As a graduate of law school, you have learned to see the invisible templates that underlie virtually every piece of writing. Starting with a template and then filling in content makes you a more organized writer and a more organized reader.
Of course, the key is to make your content so engaging that readers do not see the template. You, as a lawyer, are such an astute reader that you know that almost every piece of writing conforms in some way to genre conventions, whether or not this was its author’s intention. In the 90s, the “rants” of teen authors, published first in handwritten zines and then later on lovingly crafted personal websites with garish background colors, had formal conventions and common themes, despite their claims to free-wheeling individuality.
Anyone who goes online looking for thoughtful commentary on popular movies and TV shows from their childhood will find pieces that are thought-provoking indeed, and noticeably similar to each other in form and content.
A Farewell to Listicles
Perhaps the most maligned form of Internet writing, though, is the listicle, a literary form that proudly displays its outline. Listicles have many applications, but they are particularly common on business blogs. Whether they still have a place in content marketing is too broad a question for purposes of this post, which will not take the form of a listicle, so as to avoid the charges of tone-deaf lack of self-awareness so often leveled at Internet writers. The better question is this: Do listicles belong on a law firm blog?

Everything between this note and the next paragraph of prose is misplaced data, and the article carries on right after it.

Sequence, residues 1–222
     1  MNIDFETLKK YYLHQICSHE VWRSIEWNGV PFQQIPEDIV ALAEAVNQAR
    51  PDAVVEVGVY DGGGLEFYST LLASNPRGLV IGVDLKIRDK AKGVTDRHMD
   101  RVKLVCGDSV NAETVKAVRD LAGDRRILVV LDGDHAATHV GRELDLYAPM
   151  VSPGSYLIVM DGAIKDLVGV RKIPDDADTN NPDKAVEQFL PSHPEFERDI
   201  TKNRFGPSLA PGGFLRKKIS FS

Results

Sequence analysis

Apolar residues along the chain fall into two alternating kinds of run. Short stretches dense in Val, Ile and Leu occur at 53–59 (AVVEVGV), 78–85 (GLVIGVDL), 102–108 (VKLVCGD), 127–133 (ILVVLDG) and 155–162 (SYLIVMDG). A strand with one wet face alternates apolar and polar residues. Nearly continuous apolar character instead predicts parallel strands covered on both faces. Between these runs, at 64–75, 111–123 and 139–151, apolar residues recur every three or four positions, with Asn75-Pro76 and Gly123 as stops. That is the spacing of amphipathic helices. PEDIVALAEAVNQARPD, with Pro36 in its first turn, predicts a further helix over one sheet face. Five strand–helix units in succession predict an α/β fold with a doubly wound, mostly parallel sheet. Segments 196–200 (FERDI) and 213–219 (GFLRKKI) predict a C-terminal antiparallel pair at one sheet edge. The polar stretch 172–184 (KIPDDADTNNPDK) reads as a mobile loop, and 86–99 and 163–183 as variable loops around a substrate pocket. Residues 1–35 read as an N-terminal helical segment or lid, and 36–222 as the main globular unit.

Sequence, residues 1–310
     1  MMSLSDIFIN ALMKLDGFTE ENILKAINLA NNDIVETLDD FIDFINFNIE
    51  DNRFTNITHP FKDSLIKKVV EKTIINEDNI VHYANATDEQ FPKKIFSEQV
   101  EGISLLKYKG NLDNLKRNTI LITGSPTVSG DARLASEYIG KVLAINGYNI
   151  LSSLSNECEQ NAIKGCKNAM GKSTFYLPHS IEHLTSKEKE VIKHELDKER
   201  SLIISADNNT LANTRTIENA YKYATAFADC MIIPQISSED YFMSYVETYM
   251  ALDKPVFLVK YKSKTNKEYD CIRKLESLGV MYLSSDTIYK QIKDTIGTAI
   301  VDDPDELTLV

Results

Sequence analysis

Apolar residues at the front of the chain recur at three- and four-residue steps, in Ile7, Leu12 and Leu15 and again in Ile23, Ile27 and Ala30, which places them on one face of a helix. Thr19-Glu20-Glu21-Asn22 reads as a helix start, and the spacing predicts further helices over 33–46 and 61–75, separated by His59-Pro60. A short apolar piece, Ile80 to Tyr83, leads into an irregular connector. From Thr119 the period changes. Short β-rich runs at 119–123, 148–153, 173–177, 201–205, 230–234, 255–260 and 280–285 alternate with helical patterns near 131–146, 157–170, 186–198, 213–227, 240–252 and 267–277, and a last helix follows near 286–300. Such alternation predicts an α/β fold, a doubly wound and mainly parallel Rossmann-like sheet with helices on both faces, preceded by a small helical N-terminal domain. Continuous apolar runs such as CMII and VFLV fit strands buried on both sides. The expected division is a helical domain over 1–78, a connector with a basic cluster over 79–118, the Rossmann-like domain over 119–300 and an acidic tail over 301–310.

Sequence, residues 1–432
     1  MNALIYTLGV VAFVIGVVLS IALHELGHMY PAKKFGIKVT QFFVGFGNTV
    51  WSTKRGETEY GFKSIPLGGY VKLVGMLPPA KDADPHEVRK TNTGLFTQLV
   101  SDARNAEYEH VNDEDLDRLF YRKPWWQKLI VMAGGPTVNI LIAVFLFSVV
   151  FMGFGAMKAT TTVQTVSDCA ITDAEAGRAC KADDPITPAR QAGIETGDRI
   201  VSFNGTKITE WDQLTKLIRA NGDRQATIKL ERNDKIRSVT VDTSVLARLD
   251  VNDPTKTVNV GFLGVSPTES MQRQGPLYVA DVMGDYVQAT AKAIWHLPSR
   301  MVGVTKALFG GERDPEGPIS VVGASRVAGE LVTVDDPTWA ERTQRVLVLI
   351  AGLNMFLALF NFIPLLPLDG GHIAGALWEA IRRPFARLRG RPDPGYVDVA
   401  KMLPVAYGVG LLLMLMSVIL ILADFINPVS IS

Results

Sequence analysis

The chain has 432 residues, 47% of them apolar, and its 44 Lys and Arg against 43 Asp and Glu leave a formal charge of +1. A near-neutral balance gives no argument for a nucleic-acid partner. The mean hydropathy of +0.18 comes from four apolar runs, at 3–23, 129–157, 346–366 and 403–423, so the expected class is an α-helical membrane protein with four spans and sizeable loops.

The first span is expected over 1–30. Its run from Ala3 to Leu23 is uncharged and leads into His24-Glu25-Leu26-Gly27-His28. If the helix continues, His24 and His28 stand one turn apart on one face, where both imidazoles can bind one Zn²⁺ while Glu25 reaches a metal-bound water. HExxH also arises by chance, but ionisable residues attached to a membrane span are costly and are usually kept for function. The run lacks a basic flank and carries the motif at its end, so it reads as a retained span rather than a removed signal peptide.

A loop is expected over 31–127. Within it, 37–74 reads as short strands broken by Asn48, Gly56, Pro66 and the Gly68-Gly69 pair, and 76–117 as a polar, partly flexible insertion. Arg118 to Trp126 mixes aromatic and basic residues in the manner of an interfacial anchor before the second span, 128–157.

A 2015 post from DesignCo Marketing says that they do not. The post’s greatest virtue is its graphic, which appears to depict proboscis eggplants. The post makes important points about the drawbacks of listicles. Here are some highlights.
· Listicles present the wrong level of detail for most topics. If you want to present a simple list, just use bullet points. If you want to go into enough detail to be informative, make each item on the list several paragraphs long, at which point they become sub-headings, not list items.
· Listicles assume that the reader’s attention span is shorter than it is. Posting listicles means that you really just want readers to click on your page and skim through it, without really learning anything new.
· It is usually more effective to tell a story in the form of a story than in the form of a list. Both stories and checklists have a place in the legal profession; decide which one you want to write.
If You Must Use Listicles
Internet writers love listicles because you can write them quickly, and because in the hands of a skilled writer, they are well organized. If you want to write listicles on your blog, link them to longer content. For example, your listicle can be five Supreme Court decisions that relate to a certain topic. Then link each item to the text of the decision or to an article on a law school’s website explaining the decision in more detail.
Legal Content Writing Help
Are you too overworked to decide whether you love listicles or hate them? You can count on Law Blog Writers to provide blog posts that your readers will not merely skim but will reread as reliable sources of information.